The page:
The study of executive function decline in adults with Down syndrome (DS) is important, because it supports independent functioning in real-world settings. Inhibitory control is posited to be essential for self-regulation and adaptation to daily life activities. However, cognitive domains that most predict the capacity for inhibition in adults with DS have not been identified. The aim of this study was to identify cognitive domains that predict the capacity for inhibition, using novel data-driven techniques in a sample of adults with DS (n = 188; 49.47% men; 33.6 ± 8.8 years old), with low and moderate levels of intellectual disability. Neuropsychological tests, including assessment of memory, attention, language, executive functions, and praxis, were submitted to Random Forest, support vector machine, and logistic regression algorithms for the purpose of predicting inhibition capacity, assessed with the Cats-and-Dogs test. Convergent results from the three algorithms show that the best predictors for inhibition capacity were constructive praxis, verbal memory, immediate memory, planning, and written verbal comprehension. These results suggest the minimum set of neuropsychological assessments and potential intervention targets for individuals with DS and ID, which may optimize potential for independent living.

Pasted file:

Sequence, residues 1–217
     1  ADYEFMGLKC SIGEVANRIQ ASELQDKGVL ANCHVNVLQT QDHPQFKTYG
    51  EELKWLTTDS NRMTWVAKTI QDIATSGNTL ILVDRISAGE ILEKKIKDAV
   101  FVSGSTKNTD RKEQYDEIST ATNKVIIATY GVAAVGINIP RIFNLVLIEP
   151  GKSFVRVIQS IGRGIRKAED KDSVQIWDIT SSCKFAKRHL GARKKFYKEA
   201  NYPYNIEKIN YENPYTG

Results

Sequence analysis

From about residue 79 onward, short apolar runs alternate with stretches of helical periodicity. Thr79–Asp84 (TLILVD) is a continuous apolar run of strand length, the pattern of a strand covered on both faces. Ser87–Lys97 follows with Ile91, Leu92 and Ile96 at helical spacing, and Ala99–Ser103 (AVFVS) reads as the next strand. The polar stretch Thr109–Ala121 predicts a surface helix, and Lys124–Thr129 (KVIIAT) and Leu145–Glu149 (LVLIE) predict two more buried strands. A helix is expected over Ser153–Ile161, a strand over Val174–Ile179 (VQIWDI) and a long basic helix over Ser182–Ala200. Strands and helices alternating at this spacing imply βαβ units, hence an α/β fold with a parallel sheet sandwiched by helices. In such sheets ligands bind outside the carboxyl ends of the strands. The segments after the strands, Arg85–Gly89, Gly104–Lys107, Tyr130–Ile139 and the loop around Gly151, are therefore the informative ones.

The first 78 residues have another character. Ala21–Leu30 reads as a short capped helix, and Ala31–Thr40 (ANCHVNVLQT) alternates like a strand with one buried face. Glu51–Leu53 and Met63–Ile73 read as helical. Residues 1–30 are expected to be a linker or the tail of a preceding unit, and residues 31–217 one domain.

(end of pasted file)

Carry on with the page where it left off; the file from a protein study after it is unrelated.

|Revista||International Journal of Environmental Research and Public Health|
|Estat de la publicació||Publicada - 1 d’oct. 2021|